At the time, the Petrie Building's address was 15 Wyndham St., although it now has the address 53 Wyndham (the former address Anderson's store, where this postcard was sold, by coincidence).

Alexander Bains Petrie (1843–1921) was certainly a prominent member of the community and very active in community life. The obituary in the Guelph Evening Mercury (Sept. 24, on the front page) notes that he began his career by establishing a drug store in 1869 at the corner of Carden and Wyndham streets. He moved this to the "Petrie building" upon its completion in 1882. Besides its unusual facade, the building harbours some oddities of organization, such as a secret passage to its neighbour.

Robert Stewart provides a snapshot of Petrie's pharmaceutical business from an article in a Guelph newspaper from 1894 (1976, p. 147). The article lauds Petrie's building and his wares, of which it lists the following:

Sarsparilla, Blood Purifier, Dyspepsia Cure, Pectoral Balsam for Colds, Anti-bilious Pills, Sheep Dip, Worm Powders, Baking Powder, Cake Coloring, Flavoring Extracts, etc. etc.
Quite a collection! One can only hope that the various preparations did not get confused.

Petrie was also the founder of the Petrie Manufacturing Co., of Galt, Guelph, and Hamilton. In addition, he was the owner and founder of the Masonic block on Upper Wyndham, and the factory opposite the train station on Carden St. As you might have guessed, he was a Mason, and a founder of the Guelph and Ontario Investment and Savings Society, of which he was president for about 20 years. He was also a councillor in the South Ward (1874–1876) and an alderman for the later St. George's Ward (1897, 1901).

Wait, the indefatigable Petrie was not done yet! In 1894, he was a founder of the Guelph Road Race Association and, in 1898, built the Petrie Athletic Park on Gordon St., around where the current Guelph Lawn Bowling Club now stands by the Speed River. The facilities of the Park were impressive:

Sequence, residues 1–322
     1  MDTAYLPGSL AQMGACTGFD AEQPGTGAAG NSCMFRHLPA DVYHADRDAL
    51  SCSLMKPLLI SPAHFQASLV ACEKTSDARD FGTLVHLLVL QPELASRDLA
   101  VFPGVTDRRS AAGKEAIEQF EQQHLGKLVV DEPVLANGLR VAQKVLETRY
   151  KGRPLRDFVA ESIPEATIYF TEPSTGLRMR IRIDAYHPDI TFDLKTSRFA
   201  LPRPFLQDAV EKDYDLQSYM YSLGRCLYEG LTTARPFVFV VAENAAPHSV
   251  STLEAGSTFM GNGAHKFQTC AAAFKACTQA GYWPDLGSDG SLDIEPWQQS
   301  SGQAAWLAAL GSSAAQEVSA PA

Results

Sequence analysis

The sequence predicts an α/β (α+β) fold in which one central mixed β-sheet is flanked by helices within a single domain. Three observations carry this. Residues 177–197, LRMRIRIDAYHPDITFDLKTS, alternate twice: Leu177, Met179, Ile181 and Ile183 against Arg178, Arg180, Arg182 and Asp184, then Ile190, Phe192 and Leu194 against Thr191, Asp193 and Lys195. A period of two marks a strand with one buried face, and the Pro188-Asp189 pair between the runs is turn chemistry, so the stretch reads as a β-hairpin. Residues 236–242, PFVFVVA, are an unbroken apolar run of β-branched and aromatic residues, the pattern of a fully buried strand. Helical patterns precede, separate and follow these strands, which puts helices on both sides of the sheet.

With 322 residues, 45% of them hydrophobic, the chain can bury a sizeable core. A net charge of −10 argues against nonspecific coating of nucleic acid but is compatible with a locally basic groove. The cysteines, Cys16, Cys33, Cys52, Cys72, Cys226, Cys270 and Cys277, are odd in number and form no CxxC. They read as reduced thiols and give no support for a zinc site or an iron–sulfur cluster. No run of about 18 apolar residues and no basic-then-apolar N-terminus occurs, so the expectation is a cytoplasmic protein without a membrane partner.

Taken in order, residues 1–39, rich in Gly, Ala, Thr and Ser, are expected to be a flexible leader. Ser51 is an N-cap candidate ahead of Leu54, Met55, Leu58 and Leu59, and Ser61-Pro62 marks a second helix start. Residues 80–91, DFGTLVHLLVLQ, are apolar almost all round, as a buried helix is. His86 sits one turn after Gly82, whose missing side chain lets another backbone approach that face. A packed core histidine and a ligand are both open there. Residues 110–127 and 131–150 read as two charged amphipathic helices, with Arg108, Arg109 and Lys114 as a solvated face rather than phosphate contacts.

The provincial cycle races were held there in 1899, and the park soon featured a large range of events, skating carnivals, ice-shows and hockey games. It also offered an indoor bathing pool, gymnasium, tennis courts and a bowling green. On the night of February 28, 1900, the gymnasium was converted into an elegant ballroom for the assembly of the Victoria-OAC Hockey club. Thain’s orchestra played on the encircling balcony, and, after a break at midnight when the 175 invited guests served supper, continued until two in the morning. (p. 18)
A picture of Petrie and his facility are available here, while a perspective map of the complex is available here.

Since Petrie's death, the Petrie Building has passed through several hands, and it is currently owned by Agelakos family, who operate the Apollo 11 restaurant on the ground floor. As you can see from the Street View picture, the upper floors have sunk into decrepitude. However, a group called "Save the Petrie Building", led by local archaeologist David Knight, has been formed to try to have the building preserved and perhaps restored. The group has been featured in a Facebook Stories article, with a pointer to their Facebook page. Recently, the group also staged an art exhibit about the building to help raise public awareness.

Given his energy as a public figure in the city, I am sure that Petrie himself would appreciate the effort.